February 2, 2013 by Willy Cardoso
I made a little experiment some time ago when I realized my students sort of (unwittingly I guess) self-organized a certain seating arrangement, whereby every day they would seat in the same place; and that they would never rearrange the way tables and chairs were laid out in the classroom. So I started to pay attention to how that influenced the dynamics of the lessons. The arrangement was the (famous? infamous?) horseshoe one, which limited each student to interact mostly with two other students; S-left and S-right; as long as I didn’t ask them to move!
So one day I arrived a bit earlier and changed the whole thing. I did the mini-groups arrangement; four to six students in each cluster, like a homelike round dinner table (without the food). Guess what happened?
When students arrived they were a bit unsettled. They had to stop for a moment to think where they would seat. The first student to arrive that day, oh poor boy, had to think of a very good strategy to make sure he would eventually be next to his pals.
Anyway, the lesson developed and at the end I asked them to evaluate the new arrangement, and it turned out they were much happier with it. Also, it displaced me from the absolute center-front of the classroom and made me move about and monitor their work better.
The following lesson was even better. Each group worked on something different, with each choosing (negotiating) a grammar point of their fancy (they loved grammar! arf..) which they would revise and practice; I think there was also a bit of voice recording that day, or not. Seriously, who created the idea of putting a large group of people following one person’s direction for ninety minutes and thought they would enjoy it? (oh I know, square dance people, or army drill people… aerobics?)
It’s incredible how something as simple as that can change the dynamics of a group. Sometimes, it’s less about the activity you do and more about how/where you’re located and what interaction patterns are possible.
It makes you think… that although virtual learning environments nowadays are all the rage and given lots of attention and money, there are still many things in our physical environment that pass unobserved, but which nonetheless will have a great impact on learning.
I suppose TEFL teachers who were trained to give ‘fun’ and “engaging” and ‘’’dynamic’’’ lessons would find moving students around a fairly obvious thing to do. (though I suspect when asked how more precisely the whole mingling thing optimizes learning outcomes [yucky-collocation], they wouldn’t know the answer)
But a recent study on classroom design, in the USA, shows that professors don’t really give a rat’s furry ‘S’ about classroom design and will just teach the same lecture whether students are on bean bags or on blocks of concrete.
This study is very interesting (I found it while reading this blog by Adam Simpson) and provides a useful list of things to consider. Not that you will rebuild your school, but at least to be aware of their influence.
Noise and acoustics
Finish Material and Color:
Hey, without thinking, think what’s the most frequent color you’ve seen on the walls of all classrooms you’ve ever taught in? White!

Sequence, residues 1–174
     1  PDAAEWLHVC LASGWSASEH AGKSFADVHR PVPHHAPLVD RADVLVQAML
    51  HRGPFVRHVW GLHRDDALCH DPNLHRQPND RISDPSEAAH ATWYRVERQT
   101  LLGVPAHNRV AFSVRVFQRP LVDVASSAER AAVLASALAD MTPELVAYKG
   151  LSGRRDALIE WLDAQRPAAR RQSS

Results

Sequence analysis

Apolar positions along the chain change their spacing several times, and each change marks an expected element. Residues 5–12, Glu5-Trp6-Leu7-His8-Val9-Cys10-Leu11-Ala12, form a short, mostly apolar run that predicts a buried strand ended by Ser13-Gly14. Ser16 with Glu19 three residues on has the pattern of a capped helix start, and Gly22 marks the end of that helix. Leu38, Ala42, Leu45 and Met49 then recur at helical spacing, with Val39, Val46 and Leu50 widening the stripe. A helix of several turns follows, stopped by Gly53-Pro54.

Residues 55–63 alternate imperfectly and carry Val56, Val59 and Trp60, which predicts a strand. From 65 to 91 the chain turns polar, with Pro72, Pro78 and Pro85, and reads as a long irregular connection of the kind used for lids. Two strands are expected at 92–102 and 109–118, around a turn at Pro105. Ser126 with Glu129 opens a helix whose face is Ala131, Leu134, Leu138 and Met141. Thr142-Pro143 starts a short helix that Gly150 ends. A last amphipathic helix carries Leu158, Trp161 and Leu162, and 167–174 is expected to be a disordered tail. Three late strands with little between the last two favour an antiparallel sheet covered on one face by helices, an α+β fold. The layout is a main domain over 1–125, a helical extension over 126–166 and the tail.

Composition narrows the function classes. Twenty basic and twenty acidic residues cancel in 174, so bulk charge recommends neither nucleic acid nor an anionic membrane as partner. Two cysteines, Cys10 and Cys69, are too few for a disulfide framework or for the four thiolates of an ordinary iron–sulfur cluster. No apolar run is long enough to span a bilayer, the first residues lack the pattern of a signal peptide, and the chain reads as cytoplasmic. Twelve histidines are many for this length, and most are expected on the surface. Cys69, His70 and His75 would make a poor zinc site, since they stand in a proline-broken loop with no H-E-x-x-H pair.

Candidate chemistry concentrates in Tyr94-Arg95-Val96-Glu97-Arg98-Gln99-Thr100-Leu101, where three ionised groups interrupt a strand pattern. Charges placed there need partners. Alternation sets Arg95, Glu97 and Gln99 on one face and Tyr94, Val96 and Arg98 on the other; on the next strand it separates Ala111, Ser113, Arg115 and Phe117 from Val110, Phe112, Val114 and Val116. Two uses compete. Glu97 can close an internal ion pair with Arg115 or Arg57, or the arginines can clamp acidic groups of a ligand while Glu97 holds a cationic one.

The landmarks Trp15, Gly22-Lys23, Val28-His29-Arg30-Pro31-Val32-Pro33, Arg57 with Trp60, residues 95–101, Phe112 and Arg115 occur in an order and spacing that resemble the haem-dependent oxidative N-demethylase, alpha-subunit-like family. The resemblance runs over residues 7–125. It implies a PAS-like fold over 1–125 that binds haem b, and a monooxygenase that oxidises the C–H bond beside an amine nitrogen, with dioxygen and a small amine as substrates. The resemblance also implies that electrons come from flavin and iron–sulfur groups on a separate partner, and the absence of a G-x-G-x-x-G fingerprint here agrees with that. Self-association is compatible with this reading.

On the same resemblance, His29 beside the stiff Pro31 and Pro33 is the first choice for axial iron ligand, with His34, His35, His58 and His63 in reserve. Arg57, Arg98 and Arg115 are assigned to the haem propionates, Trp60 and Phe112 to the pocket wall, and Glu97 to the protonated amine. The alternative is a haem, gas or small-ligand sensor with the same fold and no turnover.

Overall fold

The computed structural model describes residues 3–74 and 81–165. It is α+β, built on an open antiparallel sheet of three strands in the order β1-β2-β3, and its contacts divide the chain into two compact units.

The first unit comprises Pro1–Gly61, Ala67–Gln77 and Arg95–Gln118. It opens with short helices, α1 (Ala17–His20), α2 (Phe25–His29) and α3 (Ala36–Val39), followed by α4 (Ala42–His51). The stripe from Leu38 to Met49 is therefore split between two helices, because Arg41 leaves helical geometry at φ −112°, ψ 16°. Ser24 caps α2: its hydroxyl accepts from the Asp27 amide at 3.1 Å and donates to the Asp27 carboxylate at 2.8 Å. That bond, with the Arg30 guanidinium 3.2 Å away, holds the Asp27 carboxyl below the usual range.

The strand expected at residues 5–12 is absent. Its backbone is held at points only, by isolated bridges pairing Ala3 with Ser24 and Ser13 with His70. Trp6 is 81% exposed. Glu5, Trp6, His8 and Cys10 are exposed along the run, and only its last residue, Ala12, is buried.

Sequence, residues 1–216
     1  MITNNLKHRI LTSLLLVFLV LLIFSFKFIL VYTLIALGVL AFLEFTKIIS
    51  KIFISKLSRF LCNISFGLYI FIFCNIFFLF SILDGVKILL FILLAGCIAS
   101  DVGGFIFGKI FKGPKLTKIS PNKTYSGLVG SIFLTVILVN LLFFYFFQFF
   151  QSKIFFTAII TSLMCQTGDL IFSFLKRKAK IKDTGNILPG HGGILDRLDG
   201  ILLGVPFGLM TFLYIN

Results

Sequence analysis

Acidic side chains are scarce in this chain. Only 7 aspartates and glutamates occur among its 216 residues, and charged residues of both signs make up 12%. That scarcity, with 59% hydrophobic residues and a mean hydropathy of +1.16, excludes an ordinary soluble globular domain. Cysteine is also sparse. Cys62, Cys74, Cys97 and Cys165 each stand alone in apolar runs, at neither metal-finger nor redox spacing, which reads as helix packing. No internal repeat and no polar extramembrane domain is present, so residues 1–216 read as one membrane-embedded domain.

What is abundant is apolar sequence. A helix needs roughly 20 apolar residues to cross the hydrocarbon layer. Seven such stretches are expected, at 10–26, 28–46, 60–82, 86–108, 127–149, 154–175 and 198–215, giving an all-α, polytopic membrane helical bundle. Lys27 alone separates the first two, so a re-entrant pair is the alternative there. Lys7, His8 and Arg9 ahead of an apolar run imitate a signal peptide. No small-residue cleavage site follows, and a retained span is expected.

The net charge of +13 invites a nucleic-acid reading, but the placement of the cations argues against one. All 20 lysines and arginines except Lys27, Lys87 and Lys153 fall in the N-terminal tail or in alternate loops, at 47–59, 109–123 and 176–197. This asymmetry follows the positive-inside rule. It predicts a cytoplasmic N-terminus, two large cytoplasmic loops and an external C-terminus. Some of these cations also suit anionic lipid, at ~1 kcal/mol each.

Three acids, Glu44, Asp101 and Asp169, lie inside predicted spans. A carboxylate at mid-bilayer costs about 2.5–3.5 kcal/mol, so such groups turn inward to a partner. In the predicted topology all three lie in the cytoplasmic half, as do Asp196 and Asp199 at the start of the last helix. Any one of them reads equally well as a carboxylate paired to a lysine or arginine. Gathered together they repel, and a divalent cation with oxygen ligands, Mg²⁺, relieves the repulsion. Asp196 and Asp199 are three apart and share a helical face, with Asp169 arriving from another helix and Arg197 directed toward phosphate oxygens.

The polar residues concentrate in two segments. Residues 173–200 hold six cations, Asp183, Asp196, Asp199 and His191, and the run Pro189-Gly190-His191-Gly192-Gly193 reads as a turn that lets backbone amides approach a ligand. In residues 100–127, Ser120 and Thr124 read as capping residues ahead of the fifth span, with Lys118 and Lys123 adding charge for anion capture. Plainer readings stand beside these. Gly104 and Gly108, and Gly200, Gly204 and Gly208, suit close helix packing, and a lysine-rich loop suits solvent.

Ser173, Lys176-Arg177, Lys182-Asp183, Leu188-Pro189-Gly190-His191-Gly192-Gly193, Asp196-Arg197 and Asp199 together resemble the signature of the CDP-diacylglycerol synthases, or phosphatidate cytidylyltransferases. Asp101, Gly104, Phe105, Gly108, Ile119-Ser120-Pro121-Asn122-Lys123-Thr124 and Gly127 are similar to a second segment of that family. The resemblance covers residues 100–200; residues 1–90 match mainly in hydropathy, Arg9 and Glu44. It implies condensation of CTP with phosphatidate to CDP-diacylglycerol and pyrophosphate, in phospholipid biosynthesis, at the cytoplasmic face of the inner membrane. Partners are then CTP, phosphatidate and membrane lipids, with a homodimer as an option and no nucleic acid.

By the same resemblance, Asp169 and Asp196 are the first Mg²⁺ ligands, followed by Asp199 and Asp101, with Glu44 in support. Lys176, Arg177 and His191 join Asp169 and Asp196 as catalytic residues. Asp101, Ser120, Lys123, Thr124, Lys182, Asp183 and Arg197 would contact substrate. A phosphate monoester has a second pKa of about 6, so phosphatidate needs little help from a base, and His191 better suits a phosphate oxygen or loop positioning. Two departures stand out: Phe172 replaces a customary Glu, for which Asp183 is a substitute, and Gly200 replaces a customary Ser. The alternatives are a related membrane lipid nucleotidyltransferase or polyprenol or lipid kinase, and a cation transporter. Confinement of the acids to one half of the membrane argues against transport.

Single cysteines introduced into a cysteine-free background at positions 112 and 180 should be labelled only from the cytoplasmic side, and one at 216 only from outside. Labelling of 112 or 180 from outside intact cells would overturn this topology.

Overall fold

The study reports ‘most well-liked classrooms according to students had walls painted with a color other than white’ — ta-dah!
The most important furniture element is the chair. Chair comfort is a determining factor in student engagement. Tell that to your principal.
Which brings us to a new item to include in the can-do statements of our learning-outcomes-oriented industry.
And the task is to promote this competence which in my humble opinion is often forgotten. The task is to foster learners’ ability to understand how properties of the environment influence their learning. And for us teachers, how they can sometimes limit the way we teach.
The thrust here is toward a process which: (a) makes people more aware of the settings around them; (b) inspires them to ask themselves what they are trying to do there; (c) stimulates them to assess the appropriateness of their settings for what they want to experience or accomplish; and (d) leads them to make appropriate changes (in either the setting or their own location, or by leaving it for a better one) to provide a better fit between themselves and the setting. (Steele 1973, p. 8)
Even when we are aware of our experiences, we tend to have difficulty relating them to spatial causes; we are blind to the impact of settings. We lack the ability to look at our physical surroundings and their influences on us, and the necessary training is provided by neither our educational institutions nor work organizations. If someone does not know how to change something, he is unlikely to consider changing it. Tables, partitions, chairs, etc., that might be placed in various locations rarely get moved, due to the user’s lack of knowledge about the possibilities. If the person feels unknowledgeable, he usually divorces himself from the change process and leaves it to the “experts” who are often even less knowledgeable about his needs. (Steele 1973, p. 118)
Reference: Steele, F. I. (1973). Physical settings and organization development. Reading, MA: Addison-Wesley.